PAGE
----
‘Trust the people’ - East Anglian peers have their say on Brexit

Baroness Murphy of Aldgate

Baroness Murphy of Aldgate - Credit: Eastern Daily Press � 2015

An East Anglian peer has warned advocates of a second European Union referendum that they are 'playing with fire'.

Labour peer Lord Howarth of Newport, who lives in Norfolk and backed Brexit, said public disaffection from politics would 'become a crisis' if the democratic decision to leave was not respected.

He was one of more than 180 members of the House of Lords from across the region who spoke in a two-day debate which looked set to culminate in a victory for prime minister Theresa May in the first key test for her Brexit Bill.

Peers were due to give the European Union (Notification of Withdrawal) Bill a second reading - but the opposition parties have pledged to try to amend the legislation in its later stages before the prime minister can trigger Article 50 to begin the Brexit negotiations by the end of March.

Independent crossbencher Baroness Murphy, who also lives in Norfolk, described the referendum result as a 'vaguely anti-foreigner vote' and insisted: 'We should be full members of the EU however imperfect.'

But former Suffolk MP and Conservative peer Lord Framlingham urged the government to 'trust the people'.

'I suspect that the votes cast in this referendum were given more careful consideration than any cast in this country in living memory, and to doubt the genuineness of people's decisions is to do them, in my view a great disservice,' he said, adding the future of the House of Lords depended a decision to make a success of Brexit.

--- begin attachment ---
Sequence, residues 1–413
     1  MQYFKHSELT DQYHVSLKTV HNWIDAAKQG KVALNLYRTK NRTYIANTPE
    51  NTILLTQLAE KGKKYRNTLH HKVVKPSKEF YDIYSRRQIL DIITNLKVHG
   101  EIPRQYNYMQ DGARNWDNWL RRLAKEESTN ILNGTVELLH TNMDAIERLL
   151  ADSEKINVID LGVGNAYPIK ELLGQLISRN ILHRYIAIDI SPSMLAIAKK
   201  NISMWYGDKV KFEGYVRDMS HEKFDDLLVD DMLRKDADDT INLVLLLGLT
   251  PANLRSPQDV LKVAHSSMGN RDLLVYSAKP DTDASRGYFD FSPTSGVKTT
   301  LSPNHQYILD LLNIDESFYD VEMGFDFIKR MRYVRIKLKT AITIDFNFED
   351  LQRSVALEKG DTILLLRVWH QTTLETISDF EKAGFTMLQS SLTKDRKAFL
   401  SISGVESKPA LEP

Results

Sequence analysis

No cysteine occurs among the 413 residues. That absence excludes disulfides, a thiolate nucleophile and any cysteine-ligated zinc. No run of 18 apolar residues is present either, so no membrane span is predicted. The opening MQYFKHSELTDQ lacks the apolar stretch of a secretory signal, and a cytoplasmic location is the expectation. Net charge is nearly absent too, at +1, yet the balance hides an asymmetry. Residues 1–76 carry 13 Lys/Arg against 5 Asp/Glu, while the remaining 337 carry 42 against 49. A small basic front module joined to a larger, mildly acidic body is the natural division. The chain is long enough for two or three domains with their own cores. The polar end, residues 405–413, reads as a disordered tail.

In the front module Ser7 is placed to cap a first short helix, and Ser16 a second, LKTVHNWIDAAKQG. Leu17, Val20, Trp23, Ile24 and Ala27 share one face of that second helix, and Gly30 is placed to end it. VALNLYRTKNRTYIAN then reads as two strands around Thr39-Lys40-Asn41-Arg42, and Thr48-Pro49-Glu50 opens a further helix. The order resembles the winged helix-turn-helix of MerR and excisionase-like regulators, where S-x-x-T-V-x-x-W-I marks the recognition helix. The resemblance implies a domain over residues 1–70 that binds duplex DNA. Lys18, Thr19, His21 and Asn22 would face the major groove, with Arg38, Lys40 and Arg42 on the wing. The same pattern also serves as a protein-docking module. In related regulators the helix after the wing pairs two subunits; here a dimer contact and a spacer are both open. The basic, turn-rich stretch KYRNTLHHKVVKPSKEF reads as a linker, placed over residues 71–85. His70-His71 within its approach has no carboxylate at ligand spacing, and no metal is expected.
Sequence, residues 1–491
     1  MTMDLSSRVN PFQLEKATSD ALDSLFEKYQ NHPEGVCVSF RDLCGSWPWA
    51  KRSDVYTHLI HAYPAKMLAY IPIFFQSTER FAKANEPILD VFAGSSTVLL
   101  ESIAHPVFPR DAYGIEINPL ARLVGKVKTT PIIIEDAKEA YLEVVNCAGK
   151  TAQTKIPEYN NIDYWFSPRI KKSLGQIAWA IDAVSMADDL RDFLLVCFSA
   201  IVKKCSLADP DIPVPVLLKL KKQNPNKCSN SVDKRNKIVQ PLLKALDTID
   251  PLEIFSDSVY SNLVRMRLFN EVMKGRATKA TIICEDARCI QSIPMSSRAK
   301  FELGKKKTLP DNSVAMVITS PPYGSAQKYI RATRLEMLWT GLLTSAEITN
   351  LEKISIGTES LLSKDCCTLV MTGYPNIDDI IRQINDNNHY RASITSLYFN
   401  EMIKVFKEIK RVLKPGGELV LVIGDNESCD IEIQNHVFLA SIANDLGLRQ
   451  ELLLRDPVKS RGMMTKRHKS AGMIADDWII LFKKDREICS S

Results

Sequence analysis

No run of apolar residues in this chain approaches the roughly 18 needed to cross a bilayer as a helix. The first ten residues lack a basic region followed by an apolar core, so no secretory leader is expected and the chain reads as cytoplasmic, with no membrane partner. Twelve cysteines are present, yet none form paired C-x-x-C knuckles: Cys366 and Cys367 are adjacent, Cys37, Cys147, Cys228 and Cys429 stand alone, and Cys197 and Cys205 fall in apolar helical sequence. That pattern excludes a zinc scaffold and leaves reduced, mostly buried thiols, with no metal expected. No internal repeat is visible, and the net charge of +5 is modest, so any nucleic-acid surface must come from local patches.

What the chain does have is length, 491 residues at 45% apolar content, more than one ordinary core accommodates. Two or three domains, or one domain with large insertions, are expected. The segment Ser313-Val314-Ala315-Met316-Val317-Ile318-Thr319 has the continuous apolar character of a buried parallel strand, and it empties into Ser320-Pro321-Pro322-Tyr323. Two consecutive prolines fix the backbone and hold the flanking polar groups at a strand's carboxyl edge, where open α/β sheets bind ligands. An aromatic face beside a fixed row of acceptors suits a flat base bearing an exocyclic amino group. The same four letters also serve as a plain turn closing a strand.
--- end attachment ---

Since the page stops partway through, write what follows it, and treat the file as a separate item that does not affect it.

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Lord Craig of Radley, a former chief of the defence staff who now lives in Norfolk, told peers the European Union may not be a 'stable and unified entity' in two or three years time.

'The euro problems are not resolved, migration flows may further stress relationships throughout continental Europe, and the prospect that several parliamentary and leadership elections are imminent this year may also presage a potentially very different negotiating climate, and replacement interlocutors for Article 50,' he said as he warned the government needed to consider how it would face a lack of unanimity in among EU nations.

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